US start-up airline Airbahn appears to have quietly shelved its launch plan after regulators failed to renew an operating certificate and its only aircraft recently left the USA.
The carrier could not be reached for comment, but Airbahn’s airframe, a 12-year-old Airbus A320 with the registration N786PB, was flown from Los Angeles-area Ontario International airport to Bangor, Maine on 23 June, according to flight-tracking website FlightAware.com.
On 26 June, the website tracked the aircraft flying from Bangor to East Midlands airport in the UK.
The A320 had been leased from Pakistan’s AirBlue, according to Cirium fleets data.
Numerous attempts to reach Airbahn chief executive Tariq Chaudhary – who is also AirBlue’s chief executive – for further information were unsuccessful. Emails to him were returned to sender as “undeliverable”.
The carrier’s website, which had been nothing more than a recruiting platform, now reports, “No job openings are available at this time”. Airbahn’s last posts on social media networks Facebook and Twitter were on 20 June.
The company had received US Department of Transportation (DOT) approval for a certificate of Public Convenience and Necessity in 2020, giving Airbahn a green light to carry passengers, mail and cargo. But new airlines also require FAA certificates, and must pass a five-phase process to prove compliance.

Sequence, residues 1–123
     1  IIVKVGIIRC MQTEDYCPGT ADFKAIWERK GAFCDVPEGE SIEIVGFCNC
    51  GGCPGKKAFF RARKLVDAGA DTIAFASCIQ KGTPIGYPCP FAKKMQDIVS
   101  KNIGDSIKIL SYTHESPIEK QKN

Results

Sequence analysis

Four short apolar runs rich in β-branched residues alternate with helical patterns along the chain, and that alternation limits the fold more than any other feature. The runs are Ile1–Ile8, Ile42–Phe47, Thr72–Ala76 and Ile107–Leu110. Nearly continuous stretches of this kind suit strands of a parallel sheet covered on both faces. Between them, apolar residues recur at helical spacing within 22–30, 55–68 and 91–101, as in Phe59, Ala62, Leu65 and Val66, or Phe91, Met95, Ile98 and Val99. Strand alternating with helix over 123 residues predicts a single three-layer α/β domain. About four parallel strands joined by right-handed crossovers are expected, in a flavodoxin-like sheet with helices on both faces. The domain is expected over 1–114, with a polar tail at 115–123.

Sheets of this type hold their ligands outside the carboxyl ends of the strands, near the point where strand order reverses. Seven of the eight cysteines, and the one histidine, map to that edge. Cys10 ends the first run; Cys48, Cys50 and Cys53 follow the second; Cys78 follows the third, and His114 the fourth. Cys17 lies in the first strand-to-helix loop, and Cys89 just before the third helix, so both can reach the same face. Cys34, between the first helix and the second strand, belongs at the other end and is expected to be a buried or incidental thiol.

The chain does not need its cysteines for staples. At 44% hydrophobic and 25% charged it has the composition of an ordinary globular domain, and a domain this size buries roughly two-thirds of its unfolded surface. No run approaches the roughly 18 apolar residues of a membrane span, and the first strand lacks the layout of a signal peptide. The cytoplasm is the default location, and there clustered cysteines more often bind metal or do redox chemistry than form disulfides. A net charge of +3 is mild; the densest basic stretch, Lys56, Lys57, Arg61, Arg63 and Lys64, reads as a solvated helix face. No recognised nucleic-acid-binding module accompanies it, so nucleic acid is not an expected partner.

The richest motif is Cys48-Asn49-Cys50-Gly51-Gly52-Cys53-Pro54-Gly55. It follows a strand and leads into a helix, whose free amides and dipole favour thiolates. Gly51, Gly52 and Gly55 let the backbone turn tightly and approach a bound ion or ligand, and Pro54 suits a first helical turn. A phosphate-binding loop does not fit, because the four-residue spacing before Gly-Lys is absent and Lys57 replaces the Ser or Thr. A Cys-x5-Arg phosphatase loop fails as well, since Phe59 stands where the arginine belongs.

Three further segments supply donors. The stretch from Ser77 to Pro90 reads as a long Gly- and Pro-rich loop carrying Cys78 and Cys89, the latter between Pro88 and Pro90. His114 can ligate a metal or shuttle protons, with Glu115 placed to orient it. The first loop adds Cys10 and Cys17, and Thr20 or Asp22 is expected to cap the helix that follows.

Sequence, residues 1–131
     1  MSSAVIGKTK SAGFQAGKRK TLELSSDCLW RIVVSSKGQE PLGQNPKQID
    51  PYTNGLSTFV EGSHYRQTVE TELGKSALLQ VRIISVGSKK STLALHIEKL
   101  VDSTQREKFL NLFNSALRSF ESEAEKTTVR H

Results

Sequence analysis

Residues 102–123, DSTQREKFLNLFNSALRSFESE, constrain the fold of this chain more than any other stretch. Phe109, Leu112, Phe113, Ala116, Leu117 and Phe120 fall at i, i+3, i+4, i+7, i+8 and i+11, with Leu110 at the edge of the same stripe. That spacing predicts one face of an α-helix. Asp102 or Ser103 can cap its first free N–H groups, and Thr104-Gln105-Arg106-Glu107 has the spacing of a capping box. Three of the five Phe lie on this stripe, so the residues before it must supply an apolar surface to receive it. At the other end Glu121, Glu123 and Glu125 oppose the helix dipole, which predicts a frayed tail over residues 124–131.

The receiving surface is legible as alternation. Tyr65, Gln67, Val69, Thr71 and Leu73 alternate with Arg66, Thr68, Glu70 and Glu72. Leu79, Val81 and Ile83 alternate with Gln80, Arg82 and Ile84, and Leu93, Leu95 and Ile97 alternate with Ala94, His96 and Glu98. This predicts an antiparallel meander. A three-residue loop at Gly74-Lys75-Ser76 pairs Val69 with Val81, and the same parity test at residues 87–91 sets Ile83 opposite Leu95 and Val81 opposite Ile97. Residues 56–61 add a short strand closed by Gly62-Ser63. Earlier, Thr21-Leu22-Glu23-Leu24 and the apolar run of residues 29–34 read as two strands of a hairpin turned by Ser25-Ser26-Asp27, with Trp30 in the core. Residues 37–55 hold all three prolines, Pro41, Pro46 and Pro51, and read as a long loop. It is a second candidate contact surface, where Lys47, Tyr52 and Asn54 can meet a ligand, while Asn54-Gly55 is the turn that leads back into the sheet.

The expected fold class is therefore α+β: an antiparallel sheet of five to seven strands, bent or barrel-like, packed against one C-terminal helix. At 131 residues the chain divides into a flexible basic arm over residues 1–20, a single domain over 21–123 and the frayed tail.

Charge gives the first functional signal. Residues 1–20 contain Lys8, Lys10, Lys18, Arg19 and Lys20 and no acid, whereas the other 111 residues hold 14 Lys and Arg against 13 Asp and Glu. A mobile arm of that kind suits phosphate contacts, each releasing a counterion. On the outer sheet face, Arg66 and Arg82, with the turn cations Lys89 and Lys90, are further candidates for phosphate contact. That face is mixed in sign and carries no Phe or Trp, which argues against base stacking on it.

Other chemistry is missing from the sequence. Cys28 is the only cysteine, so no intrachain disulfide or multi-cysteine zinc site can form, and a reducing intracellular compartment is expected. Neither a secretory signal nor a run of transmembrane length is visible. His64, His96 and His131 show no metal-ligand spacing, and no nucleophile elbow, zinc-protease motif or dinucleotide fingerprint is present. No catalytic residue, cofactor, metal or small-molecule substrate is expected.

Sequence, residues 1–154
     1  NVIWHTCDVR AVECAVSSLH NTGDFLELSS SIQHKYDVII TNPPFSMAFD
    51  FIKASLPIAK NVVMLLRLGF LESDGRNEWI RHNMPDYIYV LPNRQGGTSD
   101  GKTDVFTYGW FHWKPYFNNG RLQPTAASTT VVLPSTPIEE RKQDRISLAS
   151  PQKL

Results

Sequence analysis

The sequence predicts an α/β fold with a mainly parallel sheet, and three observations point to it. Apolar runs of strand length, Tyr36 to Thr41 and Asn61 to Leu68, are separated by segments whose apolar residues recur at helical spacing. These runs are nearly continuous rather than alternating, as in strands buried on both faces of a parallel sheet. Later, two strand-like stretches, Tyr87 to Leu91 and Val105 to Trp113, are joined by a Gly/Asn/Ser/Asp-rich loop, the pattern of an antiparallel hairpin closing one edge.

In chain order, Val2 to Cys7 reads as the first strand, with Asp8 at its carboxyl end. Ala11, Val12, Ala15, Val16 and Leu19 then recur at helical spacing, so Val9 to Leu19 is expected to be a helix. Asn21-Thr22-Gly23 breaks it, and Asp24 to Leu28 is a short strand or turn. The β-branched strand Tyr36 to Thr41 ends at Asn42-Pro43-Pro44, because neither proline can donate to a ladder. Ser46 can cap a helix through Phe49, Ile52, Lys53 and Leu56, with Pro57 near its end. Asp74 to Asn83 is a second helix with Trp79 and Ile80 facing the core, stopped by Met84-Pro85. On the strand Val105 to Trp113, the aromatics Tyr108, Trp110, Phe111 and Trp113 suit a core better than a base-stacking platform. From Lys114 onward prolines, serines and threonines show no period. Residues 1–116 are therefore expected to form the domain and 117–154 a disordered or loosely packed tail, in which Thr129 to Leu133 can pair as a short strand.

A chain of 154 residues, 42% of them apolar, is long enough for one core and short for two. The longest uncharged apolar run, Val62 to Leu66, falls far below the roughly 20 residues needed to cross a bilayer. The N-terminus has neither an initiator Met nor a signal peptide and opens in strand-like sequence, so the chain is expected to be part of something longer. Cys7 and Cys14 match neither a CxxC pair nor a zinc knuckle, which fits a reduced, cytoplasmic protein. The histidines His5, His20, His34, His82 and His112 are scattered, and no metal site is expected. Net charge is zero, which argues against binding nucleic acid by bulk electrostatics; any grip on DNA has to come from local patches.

In February, now-former chief operations officer Scott Hall told FlightGlobal Airbahn was in phase three, and that its timeline had repeatedly shifted due to the vagaries of the commercial aviation industry’s pandemic recovery, which made planning difficult.
That said, the carrier was aiming to launch revenue service ahead of the summer travel season.
But on 30 April, the carrier’s DOT certificate expired. Airbahn CEO Chaudhary requested an extension until 30 August, which DOT denied.
“The department, in consultation with the FAA, determined that Airbahn was not close to obtaining the safety certification it needed to conduct operations,” DOT wrote in its rejection, dated 31 May. “In addition, more than two years have elapsed since the Department found Airbahn fit, and the air carrier has yet to submit the necessary information to make its authority effective.”
The company had been conceived as a “value carrier” that would initially serve cities on the US West Coast and “occupy the lane between Spirit and Delta”, Hall had said.
The airline would have been the third US start-up to launch operations since Covid-19 brought the industry to a near-standstill in March 2020. The others are Avelo Airlines, which launched in April 2021, and Breeze Airways, which began operations a month later.